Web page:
The oldest version of the Mayan calendar reportedly has been discovered deep in the rainforest of Guatemala and it extends well beyond Dec. 21, 2012, a day some observers believe the world would come to an end.
According to a new article in Science journal, archaeologists from Boston University studying the ruins of a 9th century Mayan town in Guatemala discovered a room-like structure with the walls having been used by the ancient civilization to chart astronomical tables that are 500 years older than the charts preserved in the Maya codices. On the walls of the 1,200-year-old building the scientists also discovered a well-preserved wall mural of a Mayan king – the now oldest known Mayan painting.
The newly discovered astronomical tables span 7,000 years – far beyond year 2012 – putting an end to the claim that the Mayans believed the world would end on Dec. 21, 2012.
"Why would they go into those numbers if the world is going to come to an end this year," Anthony Aveni, an expert on Mayan astronomy told the New York Daily News.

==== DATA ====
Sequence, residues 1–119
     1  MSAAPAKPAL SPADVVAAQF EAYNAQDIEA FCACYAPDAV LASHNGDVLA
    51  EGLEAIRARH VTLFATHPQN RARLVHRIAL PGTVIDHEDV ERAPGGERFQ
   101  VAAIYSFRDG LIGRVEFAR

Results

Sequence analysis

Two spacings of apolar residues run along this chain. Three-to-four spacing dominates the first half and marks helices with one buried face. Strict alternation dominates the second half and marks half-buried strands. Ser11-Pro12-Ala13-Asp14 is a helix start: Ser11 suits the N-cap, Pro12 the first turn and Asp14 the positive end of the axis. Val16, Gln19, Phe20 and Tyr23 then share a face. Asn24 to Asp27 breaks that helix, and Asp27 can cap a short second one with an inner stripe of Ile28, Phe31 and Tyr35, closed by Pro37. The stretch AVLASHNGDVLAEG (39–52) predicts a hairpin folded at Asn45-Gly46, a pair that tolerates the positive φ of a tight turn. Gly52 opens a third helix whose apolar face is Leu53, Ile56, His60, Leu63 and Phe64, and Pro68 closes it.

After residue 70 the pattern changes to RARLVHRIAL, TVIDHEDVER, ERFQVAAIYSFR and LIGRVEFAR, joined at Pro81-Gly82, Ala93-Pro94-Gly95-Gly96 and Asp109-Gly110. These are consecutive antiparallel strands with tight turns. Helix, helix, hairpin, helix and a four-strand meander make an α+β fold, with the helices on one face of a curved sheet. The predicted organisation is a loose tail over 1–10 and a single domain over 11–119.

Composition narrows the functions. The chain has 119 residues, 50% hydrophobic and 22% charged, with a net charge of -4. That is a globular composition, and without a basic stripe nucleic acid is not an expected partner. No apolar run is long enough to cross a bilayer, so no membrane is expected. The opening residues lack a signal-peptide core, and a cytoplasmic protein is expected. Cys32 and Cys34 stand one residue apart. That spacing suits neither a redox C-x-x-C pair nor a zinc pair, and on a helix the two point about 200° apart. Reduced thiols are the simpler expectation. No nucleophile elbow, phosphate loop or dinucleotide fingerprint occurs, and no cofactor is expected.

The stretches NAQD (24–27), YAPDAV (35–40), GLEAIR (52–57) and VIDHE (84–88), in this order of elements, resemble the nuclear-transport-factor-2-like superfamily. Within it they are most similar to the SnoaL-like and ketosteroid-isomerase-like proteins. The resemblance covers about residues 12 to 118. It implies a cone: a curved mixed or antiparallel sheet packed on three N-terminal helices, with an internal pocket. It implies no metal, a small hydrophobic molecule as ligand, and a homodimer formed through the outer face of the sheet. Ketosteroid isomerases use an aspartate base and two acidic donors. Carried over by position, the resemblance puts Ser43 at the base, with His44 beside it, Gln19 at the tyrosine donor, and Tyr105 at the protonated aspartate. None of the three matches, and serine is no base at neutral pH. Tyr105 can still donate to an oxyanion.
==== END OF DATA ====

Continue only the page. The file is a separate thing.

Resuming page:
Other scientists agree.
"The Mayan calendar is going to keep going for billions, trillions, octillions of years into the future. Numbers we can't even wrap our heads around," archaeologist David Stuart of the University of Texas told MSNBC.com of the discovery.
Prior to the recent discovery, theorists who have studied the ancient civilization suggested that the "Long Count" calendar – a calendar that was created by the Mayans years after the newly discovered calendars – depicts the end of the world on Dec. 21, 2012.
The "Long Count" was used by the Mayans to document past occurrences and predict future events. The calendar began in the year 3114 B.C. and was calculated to continue for 5,126 years, making the end date of the calendar in 2012.
Dec. 21 doomsayers have argued that everything from asteroids, to solar flares, to polar shifts will cause the collapse of the world.